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JAMA. 1968;206(8):1784-1785. doi:10.1001/jama.1968.03150080064016.
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Since Gajdusek and Zigas1 first described the disease in 1957, kuru has occasioned much painstaking research and a great deal of interest and speculation. Yet kuru's etiology has remained even more mysterious than the highland regions of New Guinea where the disease is found. Recently, researchers have suggested that cannibalism plays a role in transmission of this obscure disorder.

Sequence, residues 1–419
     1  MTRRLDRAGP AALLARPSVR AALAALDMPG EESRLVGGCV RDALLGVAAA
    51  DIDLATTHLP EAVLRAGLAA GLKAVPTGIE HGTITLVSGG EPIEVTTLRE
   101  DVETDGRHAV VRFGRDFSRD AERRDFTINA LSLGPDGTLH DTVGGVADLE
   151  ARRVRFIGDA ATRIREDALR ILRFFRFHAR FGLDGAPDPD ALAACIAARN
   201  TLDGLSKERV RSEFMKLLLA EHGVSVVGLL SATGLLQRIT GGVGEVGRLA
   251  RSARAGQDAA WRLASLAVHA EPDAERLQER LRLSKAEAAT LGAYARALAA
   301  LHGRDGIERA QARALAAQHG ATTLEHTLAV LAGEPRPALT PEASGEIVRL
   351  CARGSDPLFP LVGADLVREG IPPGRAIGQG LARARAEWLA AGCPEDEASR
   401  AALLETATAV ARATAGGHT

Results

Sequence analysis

Kuru attacks children of both sexes and women; practically no adult males are affected. Onset is slow, without noticeable prodromata. Death occurs in nearly all cases, and usually within a year of onset. Pathologically, the disease is an apparently unique form of cerebellar degeneration. The symptoms are those of increasing incoordination, ataxia, dysarthria, varied tremors, and emotional lability.2 There is no sensory disturbance.

This remarkable disease seems to have been infrequent two to three generations ago, although this point will probably never be certain. Kuru is limited to a


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